Members of the Harwood Leadership Team, from left to right, student Julianne Young, teacher Jessica Deane, Principal Sam Krotinger and teacher Timothy Gershon attended the New England Secondary School Consortium on March 23

Eight Harwood Union students and teachers recently attended the 2019 New England Secondary Schools Consortium (NESSC) in Norwood, Massachusetts, on Saturday, March 23.

The two-day conference brings together schools from across New England and aims to promote techniques that enhance education and student opportunity both in and outside the classroom.

For the past four years, Harwood has been collaborating with the Great Schools Partnership, a Maine nonprofit that works to provide school and district coaching to improve educational services in public schools. Recently, Great Schools has been using Harwood’s proficiency-based learning transcript as an exemplar for other schools working toward implementing this grading system.

This year, Harwood made history as one of the few schools accepted to send two presentation teams to the conference. In attendance were Carlton Cummiskey, Kaia Levey, Winter Haberle and Lili Platt, four student members in Kathy Cadwell’s Strategies for Classroom Dialogue class, along with Cadwell herself. Members of the Leadership Team were present as well, including junior Julianne Young, teachers Jessica Deane and Timothy Gershon and Principal Sam Krotinger.


The Leadership Team, which pioneers the proficiency process at Harwood, delivered a presentation explaining their senior Capstone projects, freshman and sophomore Exhibitions of Learning, Flexible Pathways such as job shadows, internships and early college, and the overall application of proficiency-based learning components at Harwood.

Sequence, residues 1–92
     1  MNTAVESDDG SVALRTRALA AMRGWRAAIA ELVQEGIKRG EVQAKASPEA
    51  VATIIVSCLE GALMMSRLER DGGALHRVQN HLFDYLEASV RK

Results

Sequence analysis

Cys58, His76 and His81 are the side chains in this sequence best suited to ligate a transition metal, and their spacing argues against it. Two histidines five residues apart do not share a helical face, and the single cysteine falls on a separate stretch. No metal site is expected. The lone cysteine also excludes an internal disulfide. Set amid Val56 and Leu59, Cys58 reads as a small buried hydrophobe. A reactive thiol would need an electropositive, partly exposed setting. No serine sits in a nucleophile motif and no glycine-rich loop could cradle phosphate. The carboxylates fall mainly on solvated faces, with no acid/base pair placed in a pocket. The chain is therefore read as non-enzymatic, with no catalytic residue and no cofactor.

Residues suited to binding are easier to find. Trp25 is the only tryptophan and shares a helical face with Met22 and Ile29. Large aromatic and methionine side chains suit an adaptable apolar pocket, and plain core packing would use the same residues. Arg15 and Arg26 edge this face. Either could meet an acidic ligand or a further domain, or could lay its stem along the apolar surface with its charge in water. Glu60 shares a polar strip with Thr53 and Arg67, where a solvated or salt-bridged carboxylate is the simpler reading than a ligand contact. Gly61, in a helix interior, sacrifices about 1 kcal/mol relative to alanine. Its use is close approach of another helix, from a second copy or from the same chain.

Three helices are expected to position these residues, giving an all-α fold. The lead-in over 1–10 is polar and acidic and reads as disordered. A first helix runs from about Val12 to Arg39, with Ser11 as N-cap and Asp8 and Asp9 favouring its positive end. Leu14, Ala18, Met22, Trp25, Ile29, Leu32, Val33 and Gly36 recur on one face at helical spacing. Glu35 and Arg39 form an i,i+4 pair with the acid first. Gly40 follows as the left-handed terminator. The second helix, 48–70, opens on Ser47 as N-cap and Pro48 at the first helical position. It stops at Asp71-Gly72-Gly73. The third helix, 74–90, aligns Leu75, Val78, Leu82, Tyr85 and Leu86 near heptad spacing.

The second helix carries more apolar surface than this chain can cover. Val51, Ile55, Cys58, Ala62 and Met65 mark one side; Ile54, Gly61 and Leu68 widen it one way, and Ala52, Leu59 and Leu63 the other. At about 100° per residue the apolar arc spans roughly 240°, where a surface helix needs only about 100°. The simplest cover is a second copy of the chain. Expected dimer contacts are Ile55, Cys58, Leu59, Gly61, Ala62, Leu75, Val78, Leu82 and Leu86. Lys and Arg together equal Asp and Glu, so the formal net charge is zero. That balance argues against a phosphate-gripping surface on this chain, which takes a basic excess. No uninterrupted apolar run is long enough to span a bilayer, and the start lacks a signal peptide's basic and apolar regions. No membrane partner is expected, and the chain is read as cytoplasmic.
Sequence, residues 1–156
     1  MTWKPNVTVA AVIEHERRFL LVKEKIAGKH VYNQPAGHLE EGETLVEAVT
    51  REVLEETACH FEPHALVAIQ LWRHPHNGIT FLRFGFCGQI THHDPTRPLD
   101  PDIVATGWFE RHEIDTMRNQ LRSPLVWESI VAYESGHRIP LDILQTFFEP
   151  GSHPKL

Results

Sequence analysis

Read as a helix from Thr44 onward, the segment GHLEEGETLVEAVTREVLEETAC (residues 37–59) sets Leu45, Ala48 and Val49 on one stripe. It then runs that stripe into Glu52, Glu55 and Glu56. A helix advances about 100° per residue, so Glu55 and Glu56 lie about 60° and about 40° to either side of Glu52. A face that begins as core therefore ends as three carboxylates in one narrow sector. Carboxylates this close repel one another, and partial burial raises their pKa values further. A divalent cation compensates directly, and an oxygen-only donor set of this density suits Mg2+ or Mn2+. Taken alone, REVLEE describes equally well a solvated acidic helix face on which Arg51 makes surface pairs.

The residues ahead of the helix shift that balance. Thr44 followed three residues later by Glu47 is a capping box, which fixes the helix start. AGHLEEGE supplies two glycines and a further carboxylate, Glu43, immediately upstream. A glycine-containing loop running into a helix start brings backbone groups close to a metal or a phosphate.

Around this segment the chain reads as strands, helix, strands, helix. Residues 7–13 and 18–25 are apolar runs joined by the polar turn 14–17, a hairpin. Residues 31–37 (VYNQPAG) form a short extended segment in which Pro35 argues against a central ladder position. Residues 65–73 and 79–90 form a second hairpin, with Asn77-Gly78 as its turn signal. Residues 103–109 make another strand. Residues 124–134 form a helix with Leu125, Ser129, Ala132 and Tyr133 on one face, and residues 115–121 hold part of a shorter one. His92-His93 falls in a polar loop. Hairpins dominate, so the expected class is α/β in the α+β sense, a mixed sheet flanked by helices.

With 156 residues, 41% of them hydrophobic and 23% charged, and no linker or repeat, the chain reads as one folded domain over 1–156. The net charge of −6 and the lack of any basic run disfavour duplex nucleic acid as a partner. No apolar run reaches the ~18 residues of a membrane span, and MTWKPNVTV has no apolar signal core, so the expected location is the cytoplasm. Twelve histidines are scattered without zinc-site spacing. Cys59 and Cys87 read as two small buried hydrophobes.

Cadwell’s Strategies for Classroom Dialogue class works to build skills needed for successful student-led discussions in the classrooms around Harwood and beyond. The group presented on using the Harkness Method of student-led dialogue to improve student voice and involvement. Each of the four students reflected on their experience with the Harkness pedagogy and on their journey as a student leader. Following their presentation, the students facilitated smaller group discussions where their audience explored promoting student agency at their own schools.

After the Harkness presentation, multiple teachers from around New England approached Cadwell and her students asking for more tips about using these innovative teaching strategies in their own classrooms. Krotinger said after returning to Vermont, multiple schools have contacted him to get more information about incorporating components of HU’s proficiency-based learning transcript into their school’s reporting system.

Although many of the schools in attendance were adept with this newer grading and learning system, they were definitely all at different places with their utilization and understanding of it. As Krotinger put it, they were exploring what proficiency-based learning really means, both to students and their teachers.

Recently, Harwood was chosen as one of five schools in the nation to work with Phillips Exeter Academy in New Hampshire to further develop techniques centered around the Harkness pedagogy. Throughout the coming years, Harwood hopes to continue serving as a leader for this transformation of learning, both with proficiencies and student-led dialogue.